Wednesday, March 14, 2012

Students Bring Ag Day to Capitol Hill

Over 100 students from NAMA, FFA, 4-H, AFA, the Consortium and other groups were chosen to share in the message of agriculture and its importance during Ag Day Celebration 2012. Students stayed at the National 4-H Visitors Center and visited Capitol Hill to meet directly with legislators and advisors from their home state.

Tuesday, March 6, kicked-off with a welcome for the students and a mix-and-mingle to get to know each other.

On Wednesday, March 7, students participated in training sessions with government relations liaisons, shared ideas and built advocacy plans. They also took a guided tour of Washington, D.C.

On Thursday, March 8, they shared morning coffee at the USDA with Krysta Harden, Chief of Staff for Secretary of Agriculture, Tom Vilsack. They also attended the Mix-and-Mingle Luncheon at the Senate Building.

Ag Day Coffee Kicks-off National Ag Day

Photo by Chuck Zimmerman, ZimmComm, LLC
The Ag Day Coffee kicked off the 2012 Ag Day Celebration, March 8, in Washington, D.C. Over 200 people attended the morning coffee to hear Krysta Harden, Chief of Staff to Secretary of Agriculture, Tom Vilsack, at the USDA Whitten Building Patio.

Before joining the Obama Administration, she served as the CEO of the National Association of Conservation Districts based in Washington, D.C. from 1993-2004. Ms. Harden was the Senior VP of Gordley Associates, an agriculture consulting firm, where she focused on conservation and renewable energy issues.

Krysta worked on Capitol Hill from 1981-1992. Her time on the Hill included serving as a professional staff member for the House Agriculture Committee and as chief of staff and press secretary to former Congressman Charles Hatcher (D-GA).

Krysta is from Camilla, Georgia, where her family still lives and farms and a graduate of the University of Georgia.
Photo by Chuck Zimmerman, ZimmComm, LLC

Mix-and-Mingle Luncheon

Approximately 300 people attended the Ag Day Mix-and-Mingle Luncheon at the Longworth House Office Building on March 8. Attendees listened to Congressman Collin Peterson speak on the importance of American agriculture along with Danielle and Chad Budy, one of the Outstanding Young Farmer honorees. Also speaking at the luncheon was Student NAMA member, Matrica Myer.

Chad Budy began farming in junior high school, planting 250 acres of rented land with wheat and grazing 100 head of cattle. He now raises wheat, alfalfa, canola, stocked cattle and cow/calf pairs on more than 6,300 acres near Alva, Oklahoma.  He graduated from Northwestern Oklahoma University with a degree in ag business.  He and his wife, Danielle, both come from five generations of farming and ranching.

The Outstanding Young Farmer program began in the 1940s.  The first Outstanding Young Farmer National Congress, held under the sponsorship of John Deere, in 1977, in Bismarck, ND.

From the registrations received each year, the top 25 candidates are reviewed by judges and from that group the top ten are chosen for an expense paid trip to the OYF Awards Congress each year.  These top 10 automatically become members of the OFA Fraternity.  From the top ten – 4 are chosen as National Outstanding Young Farmers.   In attendance at Ag Day festivities were the four national winners from the OYF Class of 2011. There are 1500 plus members in the OFA fraternity and several hundred of them return each year to attend the Congress and renew friendships from years passed.  The OFA Fraternity are incorporated and elect officers who serve 2 year terms.  The OFA is a very important part of the OYF Program and the majority of the membership remain successful and influential farmers.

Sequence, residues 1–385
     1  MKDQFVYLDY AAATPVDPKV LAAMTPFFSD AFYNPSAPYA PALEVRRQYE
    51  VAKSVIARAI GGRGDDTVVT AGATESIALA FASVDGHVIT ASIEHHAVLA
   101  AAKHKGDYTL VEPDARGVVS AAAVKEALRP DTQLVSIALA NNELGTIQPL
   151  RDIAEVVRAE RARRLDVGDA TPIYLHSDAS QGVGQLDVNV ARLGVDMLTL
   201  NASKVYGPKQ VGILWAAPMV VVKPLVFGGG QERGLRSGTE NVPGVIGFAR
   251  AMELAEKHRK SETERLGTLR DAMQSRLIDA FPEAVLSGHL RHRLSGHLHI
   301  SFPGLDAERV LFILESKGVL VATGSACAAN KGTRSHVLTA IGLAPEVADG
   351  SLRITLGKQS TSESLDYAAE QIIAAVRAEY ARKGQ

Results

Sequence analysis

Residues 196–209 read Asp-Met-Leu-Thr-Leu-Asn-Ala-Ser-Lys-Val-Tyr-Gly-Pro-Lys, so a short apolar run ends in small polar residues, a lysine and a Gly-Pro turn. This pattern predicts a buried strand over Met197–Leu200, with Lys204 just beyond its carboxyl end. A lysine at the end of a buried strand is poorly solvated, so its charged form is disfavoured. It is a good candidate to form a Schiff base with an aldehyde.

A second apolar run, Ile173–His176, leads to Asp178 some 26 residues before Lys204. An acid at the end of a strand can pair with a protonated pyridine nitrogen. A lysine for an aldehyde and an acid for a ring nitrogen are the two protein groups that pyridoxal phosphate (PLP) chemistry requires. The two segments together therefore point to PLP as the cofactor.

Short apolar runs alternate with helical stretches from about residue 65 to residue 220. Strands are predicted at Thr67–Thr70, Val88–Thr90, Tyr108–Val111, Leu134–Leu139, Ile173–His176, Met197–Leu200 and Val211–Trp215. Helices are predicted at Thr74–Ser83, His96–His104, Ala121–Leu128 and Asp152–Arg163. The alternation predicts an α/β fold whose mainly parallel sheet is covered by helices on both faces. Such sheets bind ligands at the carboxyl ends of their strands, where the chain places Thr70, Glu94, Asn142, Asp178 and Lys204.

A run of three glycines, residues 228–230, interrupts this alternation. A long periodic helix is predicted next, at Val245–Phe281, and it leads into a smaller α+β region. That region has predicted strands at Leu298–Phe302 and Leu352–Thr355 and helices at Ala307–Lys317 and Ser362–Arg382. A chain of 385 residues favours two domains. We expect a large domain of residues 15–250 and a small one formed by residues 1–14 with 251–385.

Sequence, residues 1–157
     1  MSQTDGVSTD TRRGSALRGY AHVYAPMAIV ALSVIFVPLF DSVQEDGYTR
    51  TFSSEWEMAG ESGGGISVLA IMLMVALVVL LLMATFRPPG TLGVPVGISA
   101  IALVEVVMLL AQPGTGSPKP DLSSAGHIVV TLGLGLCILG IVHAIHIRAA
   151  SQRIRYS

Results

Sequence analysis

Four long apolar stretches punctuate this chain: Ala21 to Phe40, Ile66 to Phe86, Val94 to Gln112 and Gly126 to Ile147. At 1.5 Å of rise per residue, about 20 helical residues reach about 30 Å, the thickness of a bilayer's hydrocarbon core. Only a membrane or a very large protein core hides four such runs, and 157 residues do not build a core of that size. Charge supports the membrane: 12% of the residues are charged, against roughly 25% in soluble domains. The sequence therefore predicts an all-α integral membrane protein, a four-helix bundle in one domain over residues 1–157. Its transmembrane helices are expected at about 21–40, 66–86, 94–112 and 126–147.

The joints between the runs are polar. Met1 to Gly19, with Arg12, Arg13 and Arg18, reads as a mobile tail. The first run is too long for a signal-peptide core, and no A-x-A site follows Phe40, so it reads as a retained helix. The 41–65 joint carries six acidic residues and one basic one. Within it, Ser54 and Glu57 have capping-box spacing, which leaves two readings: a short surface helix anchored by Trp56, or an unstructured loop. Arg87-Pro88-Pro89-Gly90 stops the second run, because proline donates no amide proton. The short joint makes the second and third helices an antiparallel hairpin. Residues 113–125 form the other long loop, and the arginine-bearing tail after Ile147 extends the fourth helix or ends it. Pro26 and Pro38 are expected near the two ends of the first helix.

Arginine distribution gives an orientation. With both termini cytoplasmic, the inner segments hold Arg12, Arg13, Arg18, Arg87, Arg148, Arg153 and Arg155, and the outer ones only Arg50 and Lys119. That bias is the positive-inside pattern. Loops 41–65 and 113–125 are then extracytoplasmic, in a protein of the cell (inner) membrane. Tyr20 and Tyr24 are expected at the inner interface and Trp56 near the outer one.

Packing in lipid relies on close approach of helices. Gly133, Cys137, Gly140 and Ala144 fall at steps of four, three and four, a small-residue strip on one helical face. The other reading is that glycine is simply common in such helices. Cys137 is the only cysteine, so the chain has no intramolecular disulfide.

John Deere has been the national sponsor of this program since 1977.  Honorees for the Outstanding Young Farmers were: Joseph and Dawn Geremia from Connecticut; Chad and Danielle Budy from Oklahoma; John and Stacy Melick from New Jersey; and Ryan and Michelle Keller from Wisconsin.

The luncheon also featured a speaker representing the students involved in the Ag day Hill visits. Matrica Myer is from Edgar, Nebraska where she grew up on a corn soybean, and cattle operation. She is now a junior at the University of Nebraska-Lincoln where she is studying agribusiness with an entrepreneurship minor. She is involved with the Nebraska Agriculture Youth Council, National Agri-Marketing Association (NAMA), Engler Agribusiness entrepreneurship club, and is the secretary of the Agricultural/Agribusiness Club. 

For more photos of all of the Ag Day Activities please visit All photos courtesy of Chuck Zimmerman, ZimmComm, LLC.

A Celebration of Agriculture Dinner

Photo by Chuck Zimmerman, ZimmComm, LLC
Over 175 people attended the Celebration of Agriculture Dinner at the USDA Whitten Building Patio on March 8, 2012.

Attendees were welcomed to the dinner by Orion Samuelson, WGN Radio. The dinner began with a reception for all attendees followed by remarks from the U.S. Secretary of Agriculture, Tom Vilsack. After his remarks, the Secretary mingled with the guests just before a pork dinner courtesy of the National Pork Producers Council and created by Mark Salter, Chef at the Robert Morris Inn.